- Definitions. One section contains definitions of words used repeatedly in the agreement. Often a word or term will become a shorthand expression for a complex process or concept, and can therefore control major deal terms. Definitions are always the focus of some negotiations.
- Description of the Transaction Itself. The heart of the agreement describes the actual deal, such as exactly what is being bought and sold, or what moneys are being loaned or invested, and exactly what the money-provider is giving for it, and when. Some of this may require listing in attachments or “schedules” to prevent the document from getting too long.
- What each Party says to be True. These are the representations and warranties each party makes to the other. Many facts will be un-knowable or difficult to discern to the party to whom they are important. So the other party, if he has a clearer view of the subject, will state what the facts are and agree that the first party can rely on them. The seller, the borrower or the securities issuer in a transaction (whichever is involved), will generally make more of these statements than the money-providing party because of the former’s greater knowledge of the business in question.
- What has to Happen First. In most cases certain steps must be taken as preparation before business transactions can close, such as governmental or other third-party consents. Often, both parties have their own list of Conditions Precedent which are written as tasks the other side (or less often, themselves) need to complete before the party is bound to go forward with the deal.
- Things the Parties agree to Do or Avoid Before, During & After the Closing. These covenants may address things as diverse as operation of the subject business, tax filings to be made, or handling of an important side-matter.
- Risk-transferring. Each party normally agrees to take on himself certain risks that circumstances otherwise place on the other side, meaning “If X bad event occurs, I will pay for it.” This Indemnity section is the most technical writing in the document. In most cases, there are dollar or other limits on how much the indemnifer can be asked to pay, and time limits after which he cannot be asked. Most significantly, this is the teeth to the representations and warranties; and like reps and warranties, this section is more likely to be useful to the money-providing party than to the seller, borrower or securities issuer.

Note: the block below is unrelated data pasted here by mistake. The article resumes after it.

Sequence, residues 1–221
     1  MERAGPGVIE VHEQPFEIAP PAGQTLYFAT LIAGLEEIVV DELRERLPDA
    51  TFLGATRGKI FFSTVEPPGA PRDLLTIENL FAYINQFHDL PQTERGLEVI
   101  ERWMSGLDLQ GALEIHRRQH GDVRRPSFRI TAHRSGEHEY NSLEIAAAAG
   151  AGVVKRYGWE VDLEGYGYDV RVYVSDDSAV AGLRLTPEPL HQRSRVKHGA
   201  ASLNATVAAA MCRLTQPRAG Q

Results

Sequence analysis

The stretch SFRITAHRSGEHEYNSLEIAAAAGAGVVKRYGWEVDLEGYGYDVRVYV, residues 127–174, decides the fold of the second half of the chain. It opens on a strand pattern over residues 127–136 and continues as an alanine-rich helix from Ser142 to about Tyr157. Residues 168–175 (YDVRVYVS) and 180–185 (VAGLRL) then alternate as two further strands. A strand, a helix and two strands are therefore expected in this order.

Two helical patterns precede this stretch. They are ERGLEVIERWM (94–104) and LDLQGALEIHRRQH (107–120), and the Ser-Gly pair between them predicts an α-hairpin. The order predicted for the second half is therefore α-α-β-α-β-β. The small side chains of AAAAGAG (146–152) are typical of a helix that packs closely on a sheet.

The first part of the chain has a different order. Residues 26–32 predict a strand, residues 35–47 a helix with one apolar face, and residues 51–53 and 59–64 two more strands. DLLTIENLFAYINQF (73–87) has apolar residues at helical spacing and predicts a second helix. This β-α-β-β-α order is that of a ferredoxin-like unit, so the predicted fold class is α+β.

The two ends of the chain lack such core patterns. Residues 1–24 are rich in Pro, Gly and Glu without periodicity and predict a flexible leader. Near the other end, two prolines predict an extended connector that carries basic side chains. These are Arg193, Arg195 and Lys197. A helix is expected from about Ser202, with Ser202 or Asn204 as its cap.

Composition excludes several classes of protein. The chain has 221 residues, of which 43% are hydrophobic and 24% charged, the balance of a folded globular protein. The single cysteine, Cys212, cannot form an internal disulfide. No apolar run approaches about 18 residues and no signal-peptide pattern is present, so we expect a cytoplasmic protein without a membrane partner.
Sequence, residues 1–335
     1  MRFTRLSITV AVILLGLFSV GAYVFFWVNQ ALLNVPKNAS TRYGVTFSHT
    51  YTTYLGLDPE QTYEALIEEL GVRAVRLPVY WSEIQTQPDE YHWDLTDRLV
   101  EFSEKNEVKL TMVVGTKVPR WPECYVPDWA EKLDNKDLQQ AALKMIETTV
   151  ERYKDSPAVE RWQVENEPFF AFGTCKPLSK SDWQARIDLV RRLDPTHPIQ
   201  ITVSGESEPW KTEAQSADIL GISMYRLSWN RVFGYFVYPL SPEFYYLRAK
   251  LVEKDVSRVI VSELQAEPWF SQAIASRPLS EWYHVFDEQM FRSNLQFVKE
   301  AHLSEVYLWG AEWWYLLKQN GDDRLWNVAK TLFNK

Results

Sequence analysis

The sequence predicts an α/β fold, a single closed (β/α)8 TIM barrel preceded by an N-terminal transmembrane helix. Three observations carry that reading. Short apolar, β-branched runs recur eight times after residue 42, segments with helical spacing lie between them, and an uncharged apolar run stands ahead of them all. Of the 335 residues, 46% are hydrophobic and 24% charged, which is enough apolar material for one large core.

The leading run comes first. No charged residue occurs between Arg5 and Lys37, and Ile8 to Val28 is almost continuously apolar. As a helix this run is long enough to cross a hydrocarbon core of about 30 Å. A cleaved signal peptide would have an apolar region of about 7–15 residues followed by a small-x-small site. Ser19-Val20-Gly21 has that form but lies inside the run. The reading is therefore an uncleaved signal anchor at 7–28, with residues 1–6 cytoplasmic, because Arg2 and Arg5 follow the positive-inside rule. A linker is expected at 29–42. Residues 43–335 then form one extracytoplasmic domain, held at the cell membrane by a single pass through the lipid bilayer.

- Other Things. The rest of the umbrella agreement is supporting text to the above, such as descriptions of where and how the closing will be conducted, and agreement on what jurisdiction’s laws and/or courts will govern if there is a dispute.
III. History of Business Transaction Documents:
It is an open secret that business transactions lawyers spend their lives plagiarizing from each other, and few if any transaction documents are ever drafted from scratch. All of us maintain sets of document templates and copies from prior deals, which we mine in our drafting work. The document bank of my own law firm is intricately divided into myriad subjects for easy reference, and runs to over a thousand documents. An experience that all business transactions lawyers share is reading a document drafted by another firm, seeing text that makes one say “Hey, that’s good language”, and then grafting the improved text into one or more of your own model documents.
There is a powerful reason for these practices, and our clients are the beneficiaries of them. You see, 99% of the substantive terms in business transaction documents were initially drafted, whether recently or in some predecessor agreement in the dim mists of history, to address an event that caused a lawyer’s client to lose money. My own documents contain many provisions I added or rephrased over the years after seeing business deals go sour.
Check back soon for Parts II and III.
David Parker is the managing member of Liles Parker in our Washington, D.C. office. David handles corporate finance, structuring and negotiating secured debt and loans, corporate governance and compliance, and business transactions. If you are interested in buying or selling a business, or raising or lending capital, call David for a free consultation today at 1-800-475-1906